Ricki Lake Reveals Her Ex-Husband Died by Suicide amid Battle with Bipolar Disorder: 'I Wanted to Save Him'
The actress and former talk show host is hopeful that sharing their story might help others who are struggling
Ricki Lake didn’t want to say goodbye.
Married to jewelry designer Christian Evans in April 2012, the actress and former talk show host was devastated to learn that he had taken his life on Feb. 11. Evans’s death at age 45 compelled Lake to reveal that he had been battling bipolar disorder — and that his manic episodes had led to the couple’s divorce in 2015 even though they continued their relationship until as recently as last fall.
“I have to spread the word about recognizing this disorder and getting treatment as soon as possible,” Lake tells PEOPLE in this week’s issue. “Christian didn’t want to be labeled as bipolar, but he admitted he was in the note he left. That was him finally owning it. That was him giving me permission to tell his story.”
When Lake, 48, and Evans began dating in September 2010, “I felt like the luckiest girl that he chose me,” she says. “He was the funniest person. He was so charismatic.” Evans was upfront with Lake about his condition and admitted he had been diagnosed with bipolar disorder earlier in life. “He had a lot of self-esteem issues and a lot of demons,” she says. “But I understood him, and he was someone that I think a lot of people misunderstood.”
Married in April 2012, the two settled into their life together. “We never fought, we never had an argument. He showed up for my kids,” recalls Lake, who has two sons, Milo, 19, and Owen, 15, from her first marriage to Rob Sussman. “He was this quiet force that was just all about love and goodness and wanting to help people.”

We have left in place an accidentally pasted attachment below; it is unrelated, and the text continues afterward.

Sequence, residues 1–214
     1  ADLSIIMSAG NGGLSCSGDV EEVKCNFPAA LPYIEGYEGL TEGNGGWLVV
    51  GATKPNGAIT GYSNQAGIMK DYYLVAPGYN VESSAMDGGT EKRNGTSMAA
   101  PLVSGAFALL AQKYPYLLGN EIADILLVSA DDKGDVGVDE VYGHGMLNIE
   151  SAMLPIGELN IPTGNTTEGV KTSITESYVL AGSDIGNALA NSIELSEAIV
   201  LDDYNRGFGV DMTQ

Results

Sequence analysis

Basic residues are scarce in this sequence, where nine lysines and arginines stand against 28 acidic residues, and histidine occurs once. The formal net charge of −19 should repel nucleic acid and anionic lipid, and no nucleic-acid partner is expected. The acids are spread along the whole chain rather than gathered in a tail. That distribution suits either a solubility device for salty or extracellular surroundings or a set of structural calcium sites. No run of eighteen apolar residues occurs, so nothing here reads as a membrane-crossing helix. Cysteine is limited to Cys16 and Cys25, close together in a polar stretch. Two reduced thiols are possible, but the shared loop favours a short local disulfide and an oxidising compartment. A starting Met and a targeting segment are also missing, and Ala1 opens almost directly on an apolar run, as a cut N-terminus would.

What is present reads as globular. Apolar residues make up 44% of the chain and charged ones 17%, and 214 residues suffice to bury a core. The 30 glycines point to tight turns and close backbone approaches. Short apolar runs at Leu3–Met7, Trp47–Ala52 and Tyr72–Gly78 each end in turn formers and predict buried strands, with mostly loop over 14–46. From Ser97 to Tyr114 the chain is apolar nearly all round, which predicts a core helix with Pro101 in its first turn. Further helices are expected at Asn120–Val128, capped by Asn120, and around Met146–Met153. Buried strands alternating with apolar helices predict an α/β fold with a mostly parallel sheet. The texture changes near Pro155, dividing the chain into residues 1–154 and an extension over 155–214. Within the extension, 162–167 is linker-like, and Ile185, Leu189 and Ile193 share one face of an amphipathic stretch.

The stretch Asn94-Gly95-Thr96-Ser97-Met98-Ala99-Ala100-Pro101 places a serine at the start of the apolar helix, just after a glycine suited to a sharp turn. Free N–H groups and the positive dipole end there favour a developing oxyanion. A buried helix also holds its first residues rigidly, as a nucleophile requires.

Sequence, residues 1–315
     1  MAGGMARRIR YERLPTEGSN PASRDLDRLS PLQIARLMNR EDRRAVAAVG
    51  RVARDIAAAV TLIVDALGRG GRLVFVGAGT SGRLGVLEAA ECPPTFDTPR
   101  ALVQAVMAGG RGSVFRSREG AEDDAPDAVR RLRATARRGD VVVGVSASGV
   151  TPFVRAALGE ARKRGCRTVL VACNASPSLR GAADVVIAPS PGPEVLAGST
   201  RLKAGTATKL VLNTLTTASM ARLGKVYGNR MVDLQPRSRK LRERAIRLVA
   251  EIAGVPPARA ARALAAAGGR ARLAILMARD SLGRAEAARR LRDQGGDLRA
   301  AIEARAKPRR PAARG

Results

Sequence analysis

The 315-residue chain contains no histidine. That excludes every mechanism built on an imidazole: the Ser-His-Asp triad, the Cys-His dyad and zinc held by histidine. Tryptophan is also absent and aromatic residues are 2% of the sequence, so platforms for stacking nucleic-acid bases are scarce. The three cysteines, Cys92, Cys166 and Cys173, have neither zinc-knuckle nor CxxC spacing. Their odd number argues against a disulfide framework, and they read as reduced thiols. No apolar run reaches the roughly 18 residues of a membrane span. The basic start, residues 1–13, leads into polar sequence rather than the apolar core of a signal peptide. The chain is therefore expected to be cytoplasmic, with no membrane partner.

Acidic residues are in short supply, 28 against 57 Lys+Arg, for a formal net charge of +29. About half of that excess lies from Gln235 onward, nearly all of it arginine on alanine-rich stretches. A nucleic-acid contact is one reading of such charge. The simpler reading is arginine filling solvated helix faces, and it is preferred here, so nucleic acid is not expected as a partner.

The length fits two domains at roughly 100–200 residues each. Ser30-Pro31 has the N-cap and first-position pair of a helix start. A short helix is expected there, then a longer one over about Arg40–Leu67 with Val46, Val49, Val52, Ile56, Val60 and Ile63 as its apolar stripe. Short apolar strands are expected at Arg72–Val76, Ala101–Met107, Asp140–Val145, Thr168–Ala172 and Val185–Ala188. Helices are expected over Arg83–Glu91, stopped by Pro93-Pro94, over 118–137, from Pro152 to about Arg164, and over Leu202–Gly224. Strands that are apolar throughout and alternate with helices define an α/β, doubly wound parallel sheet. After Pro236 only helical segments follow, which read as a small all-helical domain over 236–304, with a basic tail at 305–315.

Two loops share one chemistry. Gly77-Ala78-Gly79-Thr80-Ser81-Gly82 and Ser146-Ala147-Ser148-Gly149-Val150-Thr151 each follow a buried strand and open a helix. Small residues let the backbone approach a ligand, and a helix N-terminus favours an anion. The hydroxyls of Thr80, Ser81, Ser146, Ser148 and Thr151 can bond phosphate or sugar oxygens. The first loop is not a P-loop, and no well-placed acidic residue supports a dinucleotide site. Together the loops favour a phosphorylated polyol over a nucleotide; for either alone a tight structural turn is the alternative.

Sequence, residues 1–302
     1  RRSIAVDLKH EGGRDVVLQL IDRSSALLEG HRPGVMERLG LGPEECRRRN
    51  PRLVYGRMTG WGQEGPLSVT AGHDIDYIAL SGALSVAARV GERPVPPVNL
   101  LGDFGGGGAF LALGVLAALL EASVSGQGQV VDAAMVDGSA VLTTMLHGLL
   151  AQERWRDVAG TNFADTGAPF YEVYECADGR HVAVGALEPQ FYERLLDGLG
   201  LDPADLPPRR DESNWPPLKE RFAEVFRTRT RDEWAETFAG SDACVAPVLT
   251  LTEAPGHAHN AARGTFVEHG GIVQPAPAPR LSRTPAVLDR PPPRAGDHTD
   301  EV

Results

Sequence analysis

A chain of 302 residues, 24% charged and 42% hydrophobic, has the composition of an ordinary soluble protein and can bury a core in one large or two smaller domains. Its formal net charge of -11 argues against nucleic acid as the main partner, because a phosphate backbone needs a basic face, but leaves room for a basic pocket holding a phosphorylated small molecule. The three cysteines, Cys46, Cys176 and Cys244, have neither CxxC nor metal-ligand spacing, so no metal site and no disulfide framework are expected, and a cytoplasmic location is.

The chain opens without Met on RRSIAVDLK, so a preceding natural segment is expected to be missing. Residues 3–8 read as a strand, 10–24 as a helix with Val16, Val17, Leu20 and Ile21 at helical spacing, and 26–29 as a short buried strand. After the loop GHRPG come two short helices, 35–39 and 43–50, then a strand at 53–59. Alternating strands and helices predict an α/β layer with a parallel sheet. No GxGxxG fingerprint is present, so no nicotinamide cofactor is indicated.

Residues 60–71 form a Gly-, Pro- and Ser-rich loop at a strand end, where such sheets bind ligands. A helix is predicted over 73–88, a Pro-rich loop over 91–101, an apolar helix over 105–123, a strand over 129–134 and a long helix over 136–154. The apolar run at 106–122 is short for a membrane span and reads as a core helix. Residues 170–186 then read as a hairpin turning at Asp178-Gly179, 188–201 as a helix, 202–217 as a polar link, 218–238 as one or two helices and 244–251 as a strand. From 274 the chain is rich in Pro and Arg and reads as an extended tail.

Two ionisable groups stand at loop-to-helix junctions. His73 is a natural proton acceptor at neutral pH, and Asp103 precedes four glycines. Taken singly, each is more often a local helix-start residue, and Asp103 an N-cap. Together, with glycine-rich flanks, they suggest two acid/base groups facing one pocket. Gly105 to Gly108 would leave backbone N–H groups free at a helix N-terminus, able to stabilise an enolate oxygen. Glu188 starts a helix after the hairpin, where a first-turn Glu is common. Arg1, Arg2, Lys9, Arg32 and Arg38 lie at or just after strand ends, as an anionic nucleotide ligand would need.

Lake first witnessed one of Evans’ manic episodes in September 2014. “I didn’t know what the hell hit me, because I didn’t know what it looked like, so I didn’t see it coming,” she says. “For me, someone who has lived with him for four years and seen how hard it was for him to get out of bed and be excited for things, I saw him starting to be happy. It presented initially as him being motivated.” At the height of his mania, Evans “thought he could fly. He thought he could cure cancer with his hands,” Lake adds. “It was horrific. He just wasn’t the person I had been with for four years.”
Following the advice of their therapist to cut off contact until Evans stabilized, Lake filed for divorce the next month. Evans was eventually hospitalized under a 5150 hold and then entered a treatment facility. “He didn’t want to be there, and he didn’t want to be medicated,” she says. “But he did it to appease me.”
After Evans was released, the two continued their relationship, despite their divorce being finalized in 2015, and eventually moved back in together. “He wasn’t stable, and he was so fragile,” Lake says. “But I was still in love with him, so there was something romantic about it. I wanted to save him.”
- For more from Ricki Lake, pick up this week’s issue of PEOPLE, on newsstands Friday
Evans’ mania returned this last September and he moved out again. This time, “I was upset, but I wasn’t surprised,” the actress adds. “I knew he was having an episode, and there was nothing I could do.” Lake was working in London when she received a text on Feb. 11 from Evans’ sister saying he had emailed a suicide note. “I knew right then that he was gone. Everybody thought he was missing, but I knew.”
He was found two days later in his car with a self-inflicted gunshot wound. “The struggle was just too much for him,” Lake says through tears. “He did the best he could.”
As for the future, “I am going to try my best to honor him by living a full and happy life,” she says. “I don’t know what’s in store for me, but I’m an optimist.” She plans to scatter some of Evans’ ashes on their favorite beach in Ibiza this summer — and insists she has no regrets. “I never stopped loving that man,” she adds. “I’m so lucky I got these beautiful years with him.”
If you or someone you know is struggling with bipolar disorder, please call 1-800-662-HELP (4357) or visit the National Institute of Mental Health online at nimh.nih.gov. The National Suicide Prevention Lifeline is open 24 hours a day. Call 1-800-273-8255.
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